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Enneagram Theory: Soul Child; Maybe Not; Disowned Childlike Self; Perhaps



In response to a guest blog written by Peter O’Hanrahan several months ago (Enneagram Typing: a guest blog by Peter O’Hanrahan), we received a comment that delighted me. I love the dialogue created, the blog-poster was very Enneagram-savvy, and I really like thinking about different perspectives on the same Enneagram topics. The writer refers to Sandra Maitri’s The Spiritual Dimensions of the Enneagram, one of my favorite Enneagram books, and I highly recommend it if you like her spiraling way of writing, which I do, but some have a hard time processing.

These are the issues raised from the initial blog, as I understand them:

1.    Is there such a thing as a “Soul Child” for each type, the type that we call the Heart Point (for 1s, it’s type 7; for 2s, it’s type 4; for 3s, its type 6 and so forth, going around the diagram in the counter-direction of the arrows)?

2.    If there is such a “Soul Child” at our Heart Point, – an unresolved, lower functioning part of a person’s essence that screams at us in the lower reaches of our psyche – then “integration” at the Heart Point (relationship point) isn’t about integrating the higher aspects of that type; it’s about integrating a deeply embedded, disowned, shadow part of ourselves.

3.    If both of the above are true, how do we do it?

The posted comment was in response to Peter writing this: “While I appreciate Sandra Maitri’s notion that our true “soul child” is found at our heart point, and our personality type is some kind of compensatory structure, I have to disagree. I was born an Eight; I have the soul of an Eight; I come from a long line of Eights tracking back through Irish history to the Vikings.”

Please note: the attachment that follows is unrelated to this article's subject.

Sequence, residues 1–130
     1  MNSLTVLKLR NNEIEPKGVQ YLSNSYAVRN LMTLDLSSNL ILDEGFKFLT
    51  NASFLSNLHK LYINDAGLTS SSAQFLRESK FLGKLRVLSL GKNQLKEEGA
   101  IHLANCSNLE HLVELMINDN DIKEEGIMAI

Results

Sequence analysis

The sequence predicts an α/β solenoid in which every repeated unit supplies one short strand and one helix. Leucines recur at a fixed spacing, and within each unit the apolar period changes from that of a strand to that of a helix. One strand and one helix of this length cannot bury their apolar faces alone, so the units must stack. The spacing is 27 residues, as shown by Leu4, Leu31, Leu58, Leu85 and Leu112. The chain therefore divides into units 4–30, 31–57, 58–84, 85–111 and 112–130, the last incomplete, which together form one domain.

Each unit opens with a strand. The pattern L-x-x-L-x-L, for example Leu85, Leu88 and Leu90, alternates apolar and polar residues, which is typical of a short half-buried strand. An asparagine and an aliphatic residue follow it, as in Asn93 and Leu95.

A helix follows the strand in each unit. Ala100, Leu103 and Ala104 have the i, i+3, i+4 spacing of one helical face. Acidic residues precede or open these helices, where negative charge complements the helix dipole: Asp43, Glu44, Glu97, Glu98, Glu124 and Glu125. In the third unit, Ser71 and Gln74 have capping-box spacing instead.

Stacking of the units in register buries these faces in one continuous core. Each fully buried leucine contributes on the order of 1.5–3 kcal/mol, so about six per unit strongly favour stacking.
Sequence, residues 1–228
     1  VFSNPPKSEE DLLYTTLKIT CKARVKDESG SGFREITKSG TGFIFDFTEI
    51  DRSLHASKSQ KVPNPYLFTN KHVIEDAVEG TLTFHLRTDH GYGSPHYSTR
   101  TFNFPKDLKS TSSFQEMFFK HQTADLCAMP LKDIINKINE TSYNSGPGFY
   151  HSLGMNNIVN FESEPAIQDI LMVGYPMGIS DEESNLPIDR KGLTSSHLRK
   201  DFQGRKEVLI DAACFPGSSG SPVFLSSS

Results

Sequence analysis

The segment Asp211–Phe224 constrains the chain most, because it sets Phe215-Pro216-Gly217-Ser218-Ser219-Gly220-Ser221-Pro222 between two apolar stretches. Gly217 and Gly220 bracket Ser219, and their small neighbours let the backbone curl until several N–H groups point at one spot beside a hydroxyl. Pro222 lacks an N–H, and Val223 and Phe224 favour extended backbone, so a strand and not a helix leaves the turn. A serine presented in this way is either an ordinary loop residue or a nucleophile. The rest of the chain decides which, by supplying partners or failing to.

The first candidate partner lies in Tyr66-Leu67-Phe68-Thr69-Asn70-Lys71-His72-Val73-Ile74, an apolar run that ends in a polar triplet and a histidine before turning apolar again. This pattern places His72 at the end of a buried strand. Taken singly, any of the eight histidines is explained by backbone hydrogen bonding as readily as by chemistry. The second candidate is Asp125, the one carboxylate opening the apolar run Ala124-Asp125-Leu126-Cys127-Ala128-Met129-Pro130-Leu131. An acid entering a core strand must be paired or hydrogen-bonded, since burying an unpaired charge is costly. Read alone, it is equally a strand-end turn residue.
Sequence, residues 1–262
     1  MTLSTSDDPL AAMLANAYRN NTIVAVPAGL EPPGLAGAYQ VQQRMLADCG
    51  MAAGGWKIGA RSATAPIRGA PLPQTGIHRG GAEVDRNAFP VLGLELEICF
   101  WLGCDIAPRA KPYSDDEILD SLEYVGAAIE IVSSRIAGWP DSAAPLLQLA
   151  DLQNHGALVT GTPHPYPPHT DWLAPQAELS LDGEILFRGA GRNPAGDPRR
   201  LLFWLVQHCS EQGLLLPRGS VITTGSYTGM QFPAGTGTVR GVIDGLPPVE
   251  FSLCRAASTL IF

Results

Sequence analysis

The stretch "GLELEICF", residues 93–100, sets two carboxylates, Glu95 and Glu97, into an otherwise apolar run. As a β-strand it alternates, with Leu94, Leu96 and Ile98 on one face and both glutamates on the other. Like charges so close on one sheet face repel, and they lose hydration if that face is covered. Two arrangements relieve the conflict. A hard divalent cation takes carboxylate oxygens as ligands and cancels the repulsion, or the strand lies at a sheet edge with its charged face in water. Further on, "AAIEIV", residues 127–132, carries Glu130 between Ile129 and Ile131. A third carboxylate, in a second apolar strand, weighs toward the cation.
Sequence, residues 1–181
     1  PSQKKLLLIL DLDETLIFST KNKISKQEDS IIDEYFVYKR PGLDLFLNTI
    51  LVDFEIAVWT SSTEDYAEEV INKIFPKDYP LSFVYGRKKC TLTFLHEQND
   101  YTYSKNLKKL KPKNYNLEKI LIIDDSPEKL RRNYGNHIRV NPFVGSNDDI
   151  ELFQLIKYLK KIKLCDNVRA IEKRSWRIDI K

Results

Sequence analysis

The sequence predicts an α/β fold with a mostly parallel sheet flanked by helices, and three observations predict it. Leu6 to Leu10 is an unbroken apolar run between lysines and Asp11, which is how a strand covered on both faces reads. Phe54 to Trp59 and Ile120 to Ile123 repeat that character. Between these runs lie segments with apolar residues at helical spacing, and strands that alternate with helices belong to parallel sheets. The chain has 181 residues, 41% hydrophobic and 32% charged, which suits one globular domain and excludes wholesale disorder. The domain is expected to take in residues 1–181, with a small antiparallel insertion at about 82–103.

The poster wrote this: “I’d like to give credit where it’s due – Heart Point is a term Naranjo used with the original SAT group, but he didn’t say much about it.  Maitri is the only one who has written about it, but the understanding about the soul child originates with Almaas.

The traits of the heart point may or may not have been obvious as a child – it’s not the expression of them that is important but the feeling that it’s not OK to be that.  My father was an Eight and would probably say the same things you [Peter] said about yourself – born an eight, always was tough, etc.  But it’s striking when I look at his childhood pictures.  Up to about 2 years old, he is a cherub, soft looking, curly blond locks, sweet open face.  At about 6-7, he looks like he’s ready to kill someone.   I’ve seen this kind of thing over and over in people’s baby pictures.” 


Last summer in Germany, Claudio referred to the screaming angry Four-child that lurks behind every Two. He stopped there, but my thinking did not, which is probably part of his intention. I remembered Matiri’s “Soul Child” concept, but paid too little attention to it because I didn’t relate at all to “Soul Child.” Upon reflection, the issue was that – for me, at least – soul has a specific meaning that is aligned with dictionary definitions:the immaterial essence, animating principle, or actuating cause of an individual life; the spiritual principle embodied in human beings, all rational and spiritual beings, or the universe.” Then I realized that the “Soul Child” name comes from a little-used definition of soul: someone’s emotional nature or essence.